Ancient Sharks Had Giant Babies That Ate Their Siblings in the Womb, Finds New Study
Photo: Wikimedia Commons
It is important for growing foetus of any animal to receive proper nutrition for survival. Generally, nutrition can come from their mum. However, one ancient shark has caused a spark of intrigue and horror as researchers now claim that it used to eat their siblings in-utero for nutrition.
The animal in question is the most ferocious shark species to have ever lived, the Megalodon. The adults of the species were over 14 metres in length, and it lived almost for 15 years, around 3.6 million years ago. Its teeth could be up to 17 cm, which was a topic of wonder among scientists.
Films of action cinema might have spotted beast in 2018 Hollywood film, The Meg. However, there isn’t much-fossilised evidence of the mighty creature to shed light onto its life. As it has a soft cartilaginous skeleton, most of it doesn’t get properly mineralised as seen in the case of other ancient animals like dinosaurs or woolly mammoths.
But researchers still need to study them. So Kenshu Shimada from DePaul University turned to other ways to gather clues about the mysterious beast, particularly by studying its spine. They have published their results in Historical Biology: International Journal of Paleobiology.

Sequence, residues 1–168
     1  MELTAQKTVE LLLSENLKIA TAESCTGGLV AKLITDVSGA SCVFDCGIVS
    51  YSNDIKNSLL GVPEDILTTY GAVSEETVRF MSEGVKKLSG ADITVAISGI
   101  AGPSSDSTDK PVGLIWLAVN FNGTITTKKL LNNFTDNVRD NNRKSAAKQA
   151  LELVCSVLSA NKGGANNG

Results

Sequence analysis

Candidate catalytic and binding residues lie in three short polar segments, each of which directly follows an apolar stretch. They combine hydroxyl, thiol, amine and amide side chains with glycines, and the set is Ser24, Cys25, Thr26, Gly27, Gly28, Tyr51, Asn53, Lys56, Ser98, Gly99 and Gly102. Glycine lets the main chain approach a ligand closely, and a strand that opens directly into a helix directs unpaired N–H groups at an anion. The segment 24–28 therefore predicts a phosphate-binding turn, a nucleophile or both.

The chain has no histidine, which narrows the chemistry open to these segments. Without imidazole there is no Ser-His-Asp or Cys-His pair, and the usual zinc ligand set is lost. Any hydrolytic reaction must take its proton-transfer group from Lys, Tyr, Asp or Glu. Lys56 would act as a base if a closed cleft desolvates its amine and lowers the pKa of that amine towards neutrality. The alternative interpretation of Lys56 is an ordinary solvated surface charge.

Their spine from Miocene epoch was analysed for this research. Ring deposits on vertebra can be used the same as tree rings, to determine the age. They discovered their sample was 46 years old when it died.
It was discovered that these animals gave birth to babies which were over two metres long. For reference, the average human adult height is 1.8 metres. The researchers then posit the only way it could grow so big was by possibly eating other unhatched babies inside their mother. Sharks can be either viviparous (live birth) or oviparous (egg-laying). The Megalodon was viviparous.
In most viviparous sharks, the egg hatches inside the mother and feeds on the egg yolk as well as fluids from the mother to reach the proper size. The size of “the meg” foetus suggests it must get a lot of food in-utero.
So how did it eat so much? In a true horror manner, the researchers claim that the shark produced multiple eggs. One of them would survive by eating all the others in act of cannibalism. Shark pups eating other embryos are not that uncommon, as it happens even today with species like the tiger shark. The team also claimed that there would be at least two meg pups born at a time (though there isn’t much data to prove it), which would mean tens and hundreds of unborn meg pups consumed between the two.